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Claude Monet (artist)


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Born in Paris in 1840, Monet, at the age of five, moved with his parents to the Norman port of Le Havre. While still in his teens, the budding artist came to the attention of the landscape painter Eugène Boudin, who saw talent and promise in Monet’s youthful efforts and took him on sketching trips in Normandy. Monet’s practice of painting outdoors would determine what he would paint, and how he would paint, for the rest of his life. In 1859 Monet moved to Paris to study painting. Over the next few years, he became friends with other young artists who would join him in the forefront of the impressionist movement. Monet spent most of the 1870s painting near Paris, but in the following decade, he repeatedly returned to the Normandy coast. It was during this series of extended painting campaigns that he first experimented with simultaneously working on several canvases depicting a single site at different times of day and under different weather conditions. These paintings foreshadow the masterful series that would follow in the 1890s: Rouen Cathedral, Poplars, Grainstacks, and Mornings on the Seine. At age forty-two Monet made Normandy his permanent home, settling in the small Norman village of Giverny, where he painted the fields, valleys, and waterways near his home. Late in life the gardens and water-lily pond on the grounds of his home became his primary artistic focus until his death at age 86.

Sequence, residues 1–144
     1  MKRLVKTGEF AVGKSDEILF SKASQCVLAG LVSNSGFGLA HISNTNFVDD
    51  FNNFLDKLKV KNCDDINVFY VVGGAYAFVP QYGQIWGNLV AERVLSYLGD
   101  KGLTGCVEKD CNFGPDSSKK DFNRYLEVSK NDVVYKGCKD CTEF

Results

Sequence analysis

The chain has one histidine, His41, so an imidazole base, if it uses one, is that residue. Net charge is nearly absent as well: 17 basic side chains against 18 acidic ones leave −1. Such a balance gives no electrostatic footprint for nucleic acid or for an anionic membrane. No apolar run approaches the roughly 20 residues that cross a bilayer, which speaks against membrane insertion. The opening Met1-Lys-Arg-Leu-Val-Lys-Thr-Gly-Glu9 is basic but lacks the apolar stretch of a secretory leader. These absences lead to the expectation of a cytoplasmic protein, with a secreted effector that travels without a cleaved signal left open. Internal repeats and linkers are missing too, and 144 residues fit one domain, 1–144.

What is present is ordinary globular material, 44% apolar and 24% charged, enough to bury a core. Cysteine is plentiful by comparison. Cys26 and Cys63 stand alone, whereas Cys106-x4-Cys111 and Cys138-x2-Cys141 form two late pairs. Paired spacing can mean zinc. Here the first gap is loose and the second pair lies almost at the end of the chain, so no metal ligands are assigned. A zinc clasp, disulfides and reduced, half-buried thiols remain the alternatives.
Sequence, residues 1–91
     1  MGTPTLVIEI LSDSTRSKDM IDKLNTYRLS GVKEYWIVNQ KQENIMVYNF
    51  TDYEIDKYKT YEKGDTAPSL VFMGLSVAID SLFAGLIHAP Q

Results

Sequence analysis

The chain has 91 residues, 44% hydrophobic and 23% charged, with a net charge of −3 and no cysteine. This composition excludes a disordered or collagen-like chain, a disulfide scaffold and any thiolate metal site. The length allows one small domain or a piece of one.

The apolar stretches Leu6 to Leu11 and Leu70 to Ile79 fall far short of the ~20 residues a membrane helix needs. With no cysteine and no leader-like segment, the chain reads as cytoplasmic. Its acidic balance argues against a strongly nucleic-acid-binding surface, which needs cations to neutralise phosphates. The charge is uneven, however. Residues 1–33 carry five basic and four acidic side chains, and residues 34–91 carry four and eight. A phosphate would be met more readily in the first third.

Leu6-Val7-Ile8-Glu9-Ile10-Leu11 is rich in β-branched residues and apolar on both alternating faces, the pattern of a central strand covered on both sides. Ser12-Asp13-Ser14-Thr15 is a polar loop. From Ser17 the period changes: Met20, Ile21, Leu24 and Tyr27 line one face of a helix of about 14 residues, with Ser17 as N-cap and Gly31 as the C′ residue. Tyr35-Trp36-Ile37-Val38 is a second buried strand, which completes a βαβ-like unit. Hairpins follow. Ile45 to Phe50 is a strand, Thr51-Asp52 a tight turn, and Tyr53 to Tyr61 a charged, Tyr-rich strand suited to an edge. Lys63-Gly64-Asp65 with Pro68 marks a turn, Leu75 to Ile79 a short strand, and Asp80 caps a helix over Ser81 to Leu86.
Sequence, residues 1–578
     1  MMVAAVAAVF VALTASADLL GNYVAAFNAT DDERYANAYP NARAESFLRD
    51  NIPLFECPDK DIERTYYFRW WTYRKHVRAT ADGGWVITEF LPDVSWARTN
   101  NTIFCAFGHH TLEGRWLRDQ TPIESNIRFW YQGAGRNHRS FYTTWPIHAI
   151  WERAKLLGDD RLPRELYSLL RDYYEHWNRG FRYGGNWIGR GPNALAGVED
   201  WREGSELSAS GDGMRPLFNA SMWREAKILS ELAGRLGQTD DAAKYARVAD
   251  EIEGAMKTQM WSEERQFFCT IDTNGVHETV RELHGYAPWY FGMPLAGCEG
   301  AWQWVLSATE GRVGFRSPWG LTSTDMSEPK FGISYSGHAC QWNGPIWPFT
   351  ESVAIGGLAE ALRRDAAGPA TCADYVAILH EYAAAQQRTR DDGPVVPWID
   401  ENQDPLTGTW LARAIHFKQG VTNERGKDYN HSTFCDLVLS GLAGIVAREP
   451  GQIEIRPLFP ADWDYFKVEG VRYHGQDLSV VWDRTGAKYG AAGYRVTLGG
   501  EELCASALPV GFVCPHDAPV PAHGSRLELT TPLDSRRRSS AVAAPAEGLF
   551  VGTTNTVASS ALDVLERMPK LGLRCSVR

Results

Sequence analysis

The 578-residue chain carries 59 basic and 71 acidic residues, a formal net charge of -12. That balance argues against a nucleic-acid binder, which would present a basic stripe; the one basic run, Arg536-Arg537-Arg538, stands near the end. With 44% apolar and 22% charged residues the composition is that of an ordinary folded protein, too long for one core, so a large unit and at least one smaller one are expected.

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Oscar-Claude Monet (UK: , US: , French: [klod mɔnɛ]; 14 November 1840 – 5 December 1926) was a French painter and founder of impressionism painting who is seen as a key precursor to modernism, especially in his attempts to paint nature as he perceived it. During his long career, he was the most consistent and prolific practitioner of impressionism's philosophy of expressing one's perceptions of nature, especially as applied to plein air (outdoor) landscape painting. The term "Impressionism" is derived from the title of his painting Impression, soleil levant, exhibited in 1874 (the "exhibition of rejects") initiated by Monet and his associates as an alternative to the Salon. Monet was raised in Le Havre, Normandy, and became interested in the outdoors and drawing from an early age. Although his mother, Louise-Justine Aubrée Monet, supported his ambitions to be a painter, his father, Claude-Adolphe, disapproved and wanted him to pursue a career in business. He was very close to his mother, but she died in January 1857 when he was sixteen years old, and he was sent to live with his childless, widowed but wealthy aunt, Marie-Jeanne Lecadre. He went on to study at the Académie Suisse, and under the academic history painter Charles Gleyre, where he was a classmate of Auguste Renoir. His early works include landscapes, seascapes, and portraits, but attracted little attention. A key early influence was Eugène Boudin who introduced him to the concept of plein air painting. From 1883, Monet lived in Giverny, also in northern France, where he purchased a house and property and began a vast landscaping project, including a water-lily pond. Monet's ambition to document the French countryside led to a method of painting the same scene many times so as to capture the changing of light and the passing of the seasons. Among the best-known examples are his series of haystacks (1890–1891), paintings of Rouen Cathedral (1892–1894), and the paintings of water lilies in his garden in Giverny that occupied him continuously for the last 20 years of his life. Frequently exhibited and successful during his lifetime, Monet's fame and popularity soared in the second half of the 20th century when he became one of the world's most famous painters and a source of inspiration for a burgeoning group of artists.